Are you interested in WWI and WWII history? Check out the 30 vintage war posters from 1914 – 1945 at the Columbia Pike Branch Library on display to commemorate Memorial Day.
Local resident Mark Hill has generously lent the library part of his collection of original war posters from artists such as:
These posters will be on display through July 4th, 2010. If you have any questions about the collection, please contact Mark Hill at firstname.lastname@example.org
During WWI, as there was no TV or radio, the primary means of garnering support for the War was through the dissemination of messages on posters placed throughout mass public areas like train stations, as well as in shops, armed forces recruiting centers and post offices. Females were often featured as the focal point in these posters, exhorting the onlooker to follow her toward victory.
During WWII, notwithstanding the presence of radio (but still no TV), the poster was still considered a primary source for “broadcasting” the wide range of support-for-the-war messages — Buy War Bonds, Keep Em Flying, Loose Lips Sinks Ships, Give Us Ammo to Strike Down the Enemy, etc.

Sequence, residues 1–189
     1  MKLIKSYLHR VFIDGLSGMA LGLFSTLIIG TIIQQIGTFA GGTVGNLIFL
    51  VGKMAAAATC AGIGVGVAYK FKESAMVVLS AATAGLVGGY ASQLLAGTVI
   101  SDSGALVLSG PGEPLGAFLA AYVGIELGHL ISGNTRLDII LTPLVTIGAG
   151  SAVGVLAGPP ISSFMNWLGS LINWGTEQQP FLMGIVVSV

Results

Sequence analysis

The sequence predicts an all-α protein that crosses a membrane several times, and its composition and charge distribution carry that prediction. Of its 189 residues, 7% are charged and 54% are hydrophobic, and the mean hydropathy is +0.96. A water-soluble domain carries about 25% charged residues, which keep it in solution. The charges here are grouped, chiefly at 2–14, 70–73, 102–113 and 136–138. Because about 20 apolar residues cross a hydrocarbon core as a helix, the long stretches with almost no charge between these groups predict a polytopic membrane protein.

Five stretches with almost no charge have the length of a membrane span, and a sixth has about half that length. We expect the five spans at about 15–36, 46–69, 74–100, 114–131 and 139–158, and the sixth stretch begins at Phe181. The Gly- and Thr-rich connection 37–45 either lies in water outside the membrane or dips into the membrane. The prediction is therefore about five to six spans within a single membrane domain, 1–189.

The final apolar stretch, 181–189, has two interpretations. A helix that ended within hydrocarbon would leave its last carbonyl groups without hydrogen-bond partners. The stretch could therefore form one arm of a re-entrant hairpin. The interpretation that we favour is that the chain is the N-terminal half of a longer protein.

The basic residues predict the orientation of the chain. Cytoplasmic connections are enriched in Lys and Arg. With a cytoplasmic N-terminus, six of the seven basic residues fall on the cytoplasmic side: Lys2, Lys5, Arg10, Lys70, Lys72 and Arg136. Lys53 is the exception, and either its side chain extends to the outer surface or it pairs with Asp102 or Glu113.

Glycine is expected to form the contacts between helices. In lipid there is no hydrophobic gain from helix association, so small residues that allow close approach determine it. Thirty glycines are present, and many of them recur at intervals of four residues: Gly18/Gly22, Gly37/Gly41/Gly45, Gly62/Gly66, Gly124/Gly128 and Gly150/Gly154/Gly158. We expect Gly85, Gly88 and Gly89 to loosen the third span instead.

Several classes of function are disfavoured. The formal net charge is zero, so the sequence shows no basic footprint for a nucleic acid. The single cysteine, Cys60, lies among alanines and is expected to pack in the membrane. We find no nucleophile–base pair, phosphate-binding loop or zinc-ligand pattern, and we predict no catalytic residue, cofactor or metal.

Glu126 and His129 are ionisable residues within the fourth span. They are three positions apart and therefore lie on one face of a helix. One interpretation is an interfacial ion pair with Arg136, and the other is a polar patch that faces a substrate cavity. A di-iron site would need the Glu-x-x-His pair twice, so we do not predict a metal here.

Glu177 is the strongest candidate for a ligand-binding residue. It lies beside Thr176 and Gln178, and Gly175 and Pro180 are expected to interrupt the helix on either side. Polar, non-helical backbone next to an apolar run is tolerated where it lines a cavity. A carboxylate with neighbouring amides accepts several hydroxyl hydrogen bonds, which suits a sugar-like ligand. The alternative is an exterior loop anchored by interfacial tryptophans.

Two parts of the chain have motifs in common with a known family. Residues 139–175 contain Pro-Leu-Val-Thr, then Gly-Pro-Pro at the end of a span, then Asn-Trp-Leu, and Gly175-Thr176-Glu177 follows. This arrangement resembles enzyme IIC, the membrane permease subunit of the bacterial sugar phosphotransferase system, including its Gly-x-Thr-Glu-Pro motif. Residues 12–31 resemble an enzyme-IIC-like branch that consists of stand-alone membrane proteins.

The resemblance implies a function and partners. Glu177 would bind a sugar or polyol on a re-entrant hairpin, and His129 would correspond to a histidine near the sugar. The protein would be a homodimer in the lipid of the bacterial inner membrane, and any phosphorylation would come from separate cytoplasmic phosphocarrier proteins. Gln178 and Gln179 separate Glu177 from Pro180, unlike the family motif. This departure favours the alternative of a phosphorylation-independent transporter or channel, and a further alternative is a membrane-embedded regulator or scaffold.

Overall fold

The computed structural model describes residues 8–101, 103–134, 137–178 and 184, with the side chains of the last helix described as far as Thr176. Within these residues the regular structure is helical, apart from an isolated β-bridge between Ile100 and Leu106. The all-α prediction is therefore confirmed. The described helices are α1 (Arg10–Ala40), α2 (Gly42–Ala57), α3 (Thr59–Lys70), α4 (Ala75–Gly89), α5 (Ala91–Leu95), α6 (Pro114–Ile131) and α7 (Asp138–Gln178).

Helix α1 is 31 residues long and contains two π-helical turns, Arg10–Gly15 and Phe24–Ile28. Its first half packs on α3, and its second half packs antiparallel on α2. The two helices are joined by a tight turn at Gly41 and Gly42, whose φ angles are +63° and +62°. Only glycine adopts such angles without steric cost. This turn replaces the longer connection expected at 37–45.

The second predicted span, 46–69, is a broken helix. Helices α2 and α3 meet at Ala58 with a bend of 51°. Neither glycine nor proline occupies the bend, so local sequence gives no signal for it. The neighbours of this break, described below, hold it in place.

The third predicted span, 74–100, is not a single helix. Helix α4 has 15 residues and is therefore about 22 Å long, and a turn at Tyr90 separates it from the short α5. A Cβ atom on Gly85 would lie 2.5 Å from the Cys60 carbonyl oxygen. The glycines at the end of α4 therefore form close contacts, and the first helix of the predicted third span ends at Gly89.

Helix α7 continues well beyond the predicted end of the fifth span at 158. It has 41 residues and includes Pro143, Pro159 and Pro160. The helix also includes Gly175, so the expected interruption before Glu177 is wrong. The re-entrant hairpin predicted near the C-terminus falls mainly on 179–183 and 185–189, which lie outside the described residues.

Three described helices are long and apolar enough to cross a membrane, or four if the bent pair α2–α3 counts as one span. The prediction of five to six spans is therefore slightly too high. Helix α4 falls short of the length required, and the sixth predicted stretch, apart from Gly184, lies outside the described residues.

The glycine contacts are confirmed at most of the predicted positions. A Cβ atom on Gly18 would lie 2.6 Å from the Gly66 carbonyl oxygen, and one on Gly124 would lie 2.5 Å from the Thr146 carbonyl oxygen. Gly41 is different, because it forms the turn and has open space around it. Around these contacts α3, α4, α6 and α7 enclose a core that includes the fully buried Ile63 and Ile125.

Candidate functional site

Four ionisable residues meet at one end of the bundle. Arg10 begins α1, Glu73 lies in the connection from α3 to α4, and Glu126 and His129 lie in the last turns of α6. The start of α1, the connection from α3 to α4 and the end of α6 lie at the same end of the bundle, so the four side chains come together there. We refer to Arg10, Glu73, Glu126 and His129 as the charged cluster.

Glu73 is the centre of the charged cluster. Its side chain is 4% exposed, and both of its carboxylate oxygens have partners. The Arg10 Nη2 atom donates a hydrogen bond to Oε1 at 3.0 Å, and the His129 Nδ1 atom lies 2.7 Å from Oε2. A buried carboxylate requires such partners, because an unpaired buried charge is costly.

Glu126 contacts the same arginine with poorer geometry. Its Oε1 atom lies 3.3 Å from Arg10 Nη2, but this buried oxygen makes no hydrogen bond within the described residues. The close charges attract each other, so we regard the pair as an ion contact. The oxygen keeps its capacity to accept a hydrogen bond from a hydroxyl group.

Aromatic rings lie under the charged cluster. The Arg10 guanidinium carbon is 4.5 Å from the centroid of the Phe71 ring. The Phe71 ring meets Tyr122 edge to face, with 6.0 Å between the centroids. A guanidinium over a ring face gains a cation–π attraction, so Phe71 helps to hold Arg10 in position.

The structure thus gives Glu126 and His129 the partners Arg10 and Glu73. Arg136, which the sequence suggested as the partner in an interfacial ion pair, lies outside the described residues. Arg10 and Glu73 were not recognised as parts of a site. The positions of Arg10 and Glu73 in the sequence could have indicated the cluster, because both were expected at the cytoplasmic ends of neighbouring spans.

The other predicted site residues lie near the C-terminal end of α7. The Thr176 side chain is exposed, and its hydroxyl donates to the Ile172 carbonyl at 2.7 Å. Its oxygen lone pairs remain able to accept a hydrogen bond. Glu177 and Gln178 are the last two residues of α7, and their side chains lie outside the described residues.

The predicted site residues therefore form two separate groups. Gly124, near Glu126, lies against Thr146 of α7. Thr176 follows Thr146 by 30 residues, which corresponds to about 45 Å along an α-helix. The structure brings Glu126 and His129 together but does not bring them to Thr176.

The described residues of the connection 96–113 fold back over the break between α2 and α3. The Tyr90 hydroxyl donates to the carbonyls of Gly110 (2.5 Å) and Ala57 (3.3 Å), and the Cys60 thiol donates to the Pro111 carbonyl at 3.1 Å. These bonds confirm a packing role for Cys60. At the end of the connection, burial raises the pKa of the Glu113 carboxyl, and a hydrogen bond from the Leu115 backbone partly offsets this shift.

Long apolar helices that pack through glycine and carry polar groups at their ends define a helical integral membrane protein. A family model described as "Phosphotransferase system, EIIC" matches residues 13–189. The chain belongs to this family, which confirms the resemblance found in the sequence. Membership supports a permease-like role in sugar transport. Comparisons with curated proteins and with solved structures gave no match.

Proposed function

For both Wars, often the U.S. Government enlisted the aid of then renowned artists to create posters supporting war efforts (some of which are included in this collection).
More information about WWI and WWII War posters can be found at the “A Summons to Comradeship” digital library sponsored by the the Institute of Museum and Library Services, the University of Minnesota Libraries and the Minneapolis Public Library.